The following data is extracted from Illustrated History of the State of Idaho.
One of the most extensive landowners and stockmen of Camas prairie is John Coram, who, through his well directed efforts has achieved a most creditable success in his business career and has not only won a handsome competence but has gained the confidence and respect of all, by reason of his honorable methods and reliability. A native of Bristol, England, he was born August I, 1841, his parents being William and Jane (Dunn) Coram, both of whom were natives of England. They were married in that country and in 1847 emigrated to Canada, becoming respected farming people of the British domain. The mother died there in 1853, at the age of thirty-two years, leaving her husband and two children to mourn her loss. Mr. Coram reached the advanced age of seventy-four years.
John Coram obtained his education in Canada, and became a seafaring man. He was upon the ocean from 1860 until 1883, occupying the position of engineer on a steamer. On December 21, 1861, when on the steamship Columbus, in Central America, he was shipwrecked, the vessel running ashore and dashing to pieces against the rocks in the night. On the 27th of July 1862, he was on the fated steamer Golden Gate, when she was lost by fire while en route from San Francisco to Panama. Two hundred and thirty passengers were lost. Mr. Coram escaped death by swimming ashore, but he can never forget the terrible disaster. The boat ran toward shore, but he did not leave his post until the flames enveloped the sixteen foot ladder upon which he had to depend if he escaped. He was badly burned, but rushed through the flames, jumped overboard into the water and swam ashore, a distance of about five hundred yards. The marks of that catastrophe he still carries with him in the scars of his burns. During his "life on the ocean wave" he experienced many hardships and dangers and visited many portions of the world, so that he has a broad and comprehensive knowledge of the globe and can relate most interesting anecdotes of his voyages and the sights he has witnessed in foreign ports.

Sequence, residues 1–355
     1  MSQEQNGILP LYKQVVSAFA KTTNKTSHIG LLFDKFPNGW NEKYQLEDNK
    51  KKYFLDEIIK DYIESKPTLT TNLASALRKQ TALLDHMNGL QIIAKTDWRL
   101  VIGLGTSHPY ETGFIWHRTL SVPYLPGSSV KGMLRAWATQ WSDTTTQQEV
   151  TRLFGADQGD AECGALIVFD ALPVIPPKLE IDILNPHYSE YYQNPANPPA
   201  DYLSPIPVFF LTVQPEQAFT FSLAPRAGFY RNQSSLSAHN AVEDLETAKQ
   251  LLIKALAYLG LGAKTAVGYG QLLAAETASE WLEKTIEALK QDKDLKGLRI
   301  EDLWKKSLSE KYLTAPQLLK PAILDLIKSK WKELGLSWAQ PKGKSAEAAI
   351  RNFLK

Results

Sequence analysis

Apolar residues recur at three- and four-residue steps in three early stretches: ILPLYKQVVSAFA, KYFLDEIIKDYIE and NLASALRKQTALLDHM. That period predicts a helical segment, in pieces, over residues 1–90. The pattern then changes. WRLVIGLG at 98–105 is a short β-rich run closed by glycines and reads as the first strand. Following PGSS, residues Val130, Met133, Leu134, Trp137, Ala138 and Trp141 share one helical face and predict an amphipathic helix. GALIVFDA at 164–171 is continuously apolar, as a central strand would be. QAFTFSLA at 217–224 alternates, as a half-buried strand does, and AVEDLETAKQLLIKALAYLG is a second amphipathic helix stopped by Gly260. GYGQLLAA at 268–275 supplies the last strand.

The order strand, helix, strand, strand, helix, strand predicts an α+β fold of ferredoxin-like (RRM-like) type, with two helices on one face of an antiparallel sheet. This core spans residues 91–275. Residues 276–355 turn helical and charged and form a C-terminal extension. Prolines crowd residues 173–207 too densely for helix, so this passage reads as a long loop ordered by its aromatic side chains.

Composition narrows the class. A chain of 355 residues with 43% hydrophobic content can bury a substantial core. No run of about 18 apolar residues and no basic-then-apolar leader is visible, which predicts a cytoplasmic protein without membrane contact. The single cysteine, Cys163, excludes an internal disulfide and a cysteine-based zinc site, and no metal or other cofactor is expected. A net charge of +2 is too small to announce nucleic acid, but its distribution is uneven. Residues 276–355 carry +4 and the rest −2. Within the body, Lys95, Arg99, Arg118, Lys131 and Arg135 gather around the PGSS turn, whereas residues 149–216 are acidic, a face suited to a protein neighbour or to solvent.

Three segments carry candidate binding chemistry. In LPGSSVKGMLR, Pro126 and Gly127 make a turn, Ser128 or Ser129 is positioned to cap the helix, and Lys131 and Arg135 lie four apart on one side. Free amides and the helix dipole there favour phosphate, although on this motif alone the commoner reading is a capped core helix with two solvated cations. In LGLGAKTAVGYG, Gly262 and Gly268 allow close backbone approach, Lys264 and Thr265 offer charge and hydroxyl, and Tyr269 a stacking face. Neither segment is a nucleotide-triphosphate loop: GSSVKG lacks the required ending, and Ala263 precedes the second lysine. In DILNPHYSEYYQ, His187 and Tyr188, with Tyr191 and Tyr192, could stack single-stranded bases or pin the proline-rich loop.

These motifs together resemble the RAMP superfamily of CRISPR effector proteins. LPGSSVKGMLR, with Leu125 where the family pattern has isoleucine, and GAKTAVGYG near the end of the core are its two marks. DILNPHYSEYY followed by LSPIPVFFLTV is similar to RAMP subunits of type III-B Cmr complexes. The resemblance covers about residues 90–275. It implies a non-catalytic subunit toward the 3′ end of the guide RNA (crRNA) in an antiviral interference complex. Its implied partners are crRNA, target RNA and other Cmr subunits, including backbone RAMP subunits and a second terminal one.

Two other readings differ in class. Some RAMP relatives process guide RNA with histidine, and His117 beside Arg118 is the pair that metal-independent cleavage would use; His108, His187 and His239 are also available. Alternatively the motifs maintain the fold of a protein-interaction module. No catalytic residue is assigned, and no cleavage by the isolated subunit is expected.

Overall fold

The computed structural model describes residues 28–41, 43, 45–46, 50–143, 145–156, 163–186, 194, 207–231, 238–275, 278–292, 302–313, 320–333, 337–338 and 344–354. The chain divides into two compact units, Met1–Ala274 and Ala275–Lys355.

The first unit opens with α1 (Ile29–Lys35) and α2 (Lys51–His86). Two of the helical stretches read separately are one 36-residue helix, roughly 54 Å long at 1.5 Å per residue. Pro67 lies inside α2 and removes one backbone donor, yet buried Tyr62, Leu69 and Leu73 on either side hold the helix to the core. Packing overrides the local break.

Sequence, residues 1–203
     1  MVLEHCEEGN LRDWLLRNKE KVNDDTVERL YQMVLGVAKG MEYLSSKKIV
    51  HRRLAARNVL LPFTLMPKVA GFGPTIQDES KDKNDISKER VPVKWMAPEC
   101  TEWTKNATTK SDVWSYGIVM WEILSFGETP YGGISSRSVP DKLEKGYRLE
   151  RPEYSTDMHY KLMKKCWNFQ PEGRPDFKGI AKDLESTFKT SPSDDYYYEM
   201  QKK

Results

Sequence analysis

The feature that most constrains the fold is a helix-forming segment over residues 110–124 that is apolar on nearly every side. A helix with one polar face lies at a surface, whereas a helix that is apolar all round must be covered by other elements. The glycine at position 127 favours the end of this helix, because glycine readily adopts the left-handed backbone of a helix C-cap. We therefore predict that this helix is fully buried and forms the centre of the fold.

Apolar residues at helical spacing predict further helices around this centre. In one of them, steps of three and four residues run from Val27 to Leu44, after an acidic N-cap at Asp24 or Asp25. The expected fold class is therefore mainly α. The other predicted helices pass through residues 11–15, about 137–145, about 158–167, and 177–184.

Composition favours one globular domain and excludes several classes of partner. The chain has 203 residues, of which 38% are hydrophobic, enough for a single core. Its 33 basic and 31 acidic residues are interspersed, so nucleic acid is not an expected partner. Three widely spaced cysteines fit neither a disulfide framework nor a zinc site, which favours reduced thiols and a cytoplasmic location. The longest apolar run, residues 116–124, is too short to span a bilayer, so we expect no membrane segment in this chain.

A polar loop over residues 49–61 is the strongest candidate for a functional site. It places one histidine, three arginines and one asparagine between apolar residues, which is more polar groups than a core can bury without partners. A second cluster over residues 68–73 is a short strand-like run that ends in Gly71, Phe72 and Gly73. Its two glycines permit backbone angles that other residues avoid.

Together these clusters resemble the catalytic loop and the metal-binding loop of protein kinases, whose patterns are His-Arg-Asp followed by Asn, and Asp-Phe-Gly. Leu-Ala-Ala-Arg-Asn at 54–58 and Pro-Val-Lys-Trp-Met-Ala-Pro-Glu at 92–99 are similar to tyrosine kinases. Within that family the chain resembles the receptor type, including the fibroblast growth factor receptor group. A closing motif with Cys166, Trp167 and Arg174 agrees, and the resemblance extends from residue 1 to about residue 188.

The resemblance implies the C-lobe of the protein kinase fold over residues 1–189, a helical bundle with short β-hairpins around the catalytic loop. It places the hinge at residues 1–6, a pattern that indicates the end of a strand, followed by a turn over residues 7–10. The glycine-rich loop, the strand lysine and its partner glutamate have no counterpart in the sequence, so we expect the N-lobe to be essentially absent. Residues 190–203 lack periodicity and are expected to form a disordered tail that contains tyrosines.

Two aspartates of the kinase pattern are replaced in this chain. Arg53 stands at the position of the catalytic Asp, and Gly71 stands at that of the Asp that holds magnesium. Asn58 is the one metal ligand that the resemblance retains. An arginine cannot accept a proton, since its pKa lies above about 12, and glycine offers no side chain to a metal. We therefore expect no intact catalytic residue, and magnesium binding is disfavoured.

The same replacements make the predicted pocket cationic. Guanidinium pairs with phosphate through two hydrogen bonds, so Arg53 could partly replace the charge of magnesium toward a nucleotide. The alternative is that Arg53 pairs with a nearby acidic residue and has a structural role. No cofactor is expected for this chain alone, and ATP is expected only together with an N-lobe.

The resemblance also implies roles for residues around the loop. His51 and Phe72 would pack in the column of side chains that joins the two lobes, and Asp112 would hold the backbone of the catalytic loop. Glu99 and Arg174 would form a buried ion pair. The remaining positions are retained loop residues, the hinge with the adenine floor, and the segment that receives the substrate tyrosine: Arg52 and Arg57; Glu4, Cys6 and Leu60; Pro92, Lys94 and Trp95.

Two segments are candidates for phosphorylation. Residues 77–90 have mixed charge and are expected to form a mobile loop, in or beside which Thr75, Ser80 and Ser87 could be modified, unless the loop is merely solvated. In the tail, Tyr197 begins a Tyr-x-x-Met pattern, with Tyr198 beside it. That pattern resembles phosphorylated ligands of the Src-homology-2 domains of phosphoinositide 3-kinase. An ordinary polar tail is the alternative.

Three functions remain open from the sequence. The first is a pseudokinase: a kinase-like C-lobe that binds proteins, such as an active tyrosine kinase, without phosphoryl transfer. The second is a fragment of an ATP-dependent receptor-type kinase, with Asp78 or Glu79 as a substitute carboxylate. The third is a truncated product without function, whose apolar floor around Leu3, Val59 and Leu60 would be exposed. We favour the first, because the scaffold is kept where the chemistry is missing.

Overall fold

In 1883 Mr. Coram came to Camas prairie and took up one hundred and sixty acres of land, since which time he has engaged in raising cattle, horses and hogs, of the Durham, Shire and Poland-China breeds, respectively. He and his brother have had as high as four hundred head of cattle, one hundred head of horses and one hundred and fifty head of hogs at one time, and have added to their landed possessions until their farm property aggregates eighteen hundred and sixty acres of the rich productive land of Camas prairie. They have met with almost phenomenal success in their undertakings since coming to Idaho sixteen years ago, the rich land affording them excellent returns for their labors, while in their stock-raising industry they have been equally prosperous. They are gentlemen of excellent business ability and marked energy and well deserve to be ranked among the leading citizens of this section of Idaho.
Mr. Coram of this review was married in November 1884, to Miss Mary Catherine Carrothers, a native of Westminster, Canada. Their children are: Maude V., Olive G., Cassia M., Jessie I. and Edwin. They are an interesting family and have many friends in the community. Mr. Coram belongs to the Masonic and Odd Fellows fraternities, takes a deep interest in educational affairs and gives an earnest and hearty support to all measures calculated to advance the material, social, moral or intellectual welfare of the community in which he resides.
Source: Illustrated History of the State of Idaho